Dealing with a Child’s Chronic Illness

Dear Reader,

I was interested recently to notice in myself something I first saw 7 years ago. Back then my daughter was diagnosed with type 1 diabetes, a life-long, incurable high-maintenance disease. Now my son had something they are calling new persistent daily headache. He has had daily headaches for six months now and while I hope that there is still an end for him, there is no doubting that this is at least a long-term battle.

What I noticed is that there are stages in how I deal with the onset of an illness in my children. In the first stage, I am eager to share and talk about what is going on. I ask for prayer. I volunteer details to friends. I am overwhelmed and seek out understanding and support from others. But as time goes on, I find myself doing this less and less. It is not that the medical condition takes up any less of my own mental energies. It is always there in my mind. This was especially true of diabetes which requires so many procedures daily (about 8 blood sugar checks, at least  5 insulin injections, and lots of carb counting on a good day). But even with the headaches, it is always on my mind. But these days it is enough for me that it is on my mind. I don’t need to talk about it so much. In fact, I don’t even want to. Not that I am not touched when others ask for an update. I am glad they care and gratified that they are praying. But I just don’t really want to discuss it. It fills up so much of the inside of my head, I just don’t really want it on the outside of my head too if that makes any sense.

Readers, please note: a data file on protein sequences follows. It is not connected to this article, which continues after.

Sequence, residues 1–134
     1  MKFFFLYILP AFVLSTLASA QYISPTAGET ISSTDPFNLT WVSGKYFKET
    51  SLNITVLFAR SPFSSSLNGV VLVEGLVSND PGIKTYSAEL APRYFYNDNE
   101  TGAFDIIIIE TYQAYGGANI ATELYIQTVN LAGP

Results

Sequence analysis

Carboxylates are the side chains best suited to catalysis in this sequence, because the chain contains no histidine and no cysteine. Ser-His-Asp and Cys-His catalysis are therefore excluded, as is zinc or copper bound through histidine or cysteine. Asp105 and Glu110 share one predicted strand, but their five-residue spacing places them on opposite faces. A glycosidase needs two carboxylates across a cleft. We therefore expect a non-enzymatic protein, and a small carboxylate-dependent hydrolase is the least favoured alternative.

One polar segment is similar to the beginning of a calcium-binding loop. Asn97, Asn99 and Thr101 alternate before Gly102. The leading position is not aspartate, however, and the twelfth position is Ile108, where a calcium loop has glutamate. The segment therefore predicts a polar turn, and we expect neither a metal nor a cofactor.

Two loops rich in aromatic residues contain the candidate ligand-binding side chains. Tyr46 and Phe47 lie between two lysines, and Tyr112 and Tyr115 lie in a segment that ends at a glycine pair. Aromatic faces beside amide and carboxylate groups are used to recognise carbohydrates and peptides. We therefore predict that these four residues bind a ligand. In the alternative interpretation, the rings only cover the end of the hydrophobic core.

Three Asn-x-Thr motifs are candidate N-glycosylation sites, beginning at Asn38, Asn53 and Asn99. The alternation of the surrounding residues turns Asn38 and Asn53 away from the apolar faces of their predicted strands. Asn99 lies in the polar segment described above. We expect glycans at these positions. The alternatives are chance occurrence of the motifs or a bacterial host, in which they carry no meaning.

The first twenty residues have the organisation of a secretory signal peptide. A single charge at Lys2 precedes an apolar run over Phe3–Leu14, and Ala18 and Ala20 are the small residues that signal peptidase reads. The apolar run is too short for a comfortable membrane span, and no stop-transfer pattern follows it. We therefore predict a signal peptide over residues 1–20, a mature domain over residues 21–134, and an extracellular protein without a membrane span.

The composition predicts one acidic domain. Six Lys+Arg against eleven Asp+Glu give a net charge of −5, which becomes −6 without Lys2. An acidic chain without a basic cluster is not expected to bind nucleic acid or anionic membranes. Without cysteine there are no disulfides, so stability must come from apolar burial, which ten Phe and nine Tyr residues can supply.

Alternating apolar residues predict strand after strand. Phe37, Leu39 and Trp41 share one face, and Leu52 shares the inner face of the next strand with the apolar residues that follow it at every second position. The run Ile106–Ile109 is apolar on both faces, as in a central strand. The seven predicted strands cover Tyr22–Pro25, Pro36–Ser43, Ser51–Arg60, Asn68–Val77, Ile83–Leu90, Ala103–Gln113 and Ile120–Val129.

How about you? Does your child have a chronic illness? Have you noticed any changes over time?  How you deal with it?



One response to this post.

  1. Posted by Emily on July 31, 2013 at 4:43 pm

    My 14 year old daughter has severe OCD, and my son (10) has anxiety and mild to moderate OCD. My daughter has been medicated for 5 years, and it is still a daily battle. I am resisting medication for my son, but it is coming at some point. I have 3 other children as well. I used to talk about it a lot more at a time when I was sure there would be a “cure”. Now, I prefer not to talk about. My mother thinks I should start a support group in our area. I do not have the emotional energy for that. I’m still so in it, daily, especially since we homeschool. People also will make comments like, “well, maybe you should…..” As if we haven’t explored everything. All I can say is that having a reformed view helps me tremendously. If they suffer like this because I haven’t prayed enough, been “good” enough, etc., I would feel hopeless indeed. Thanks for this post.


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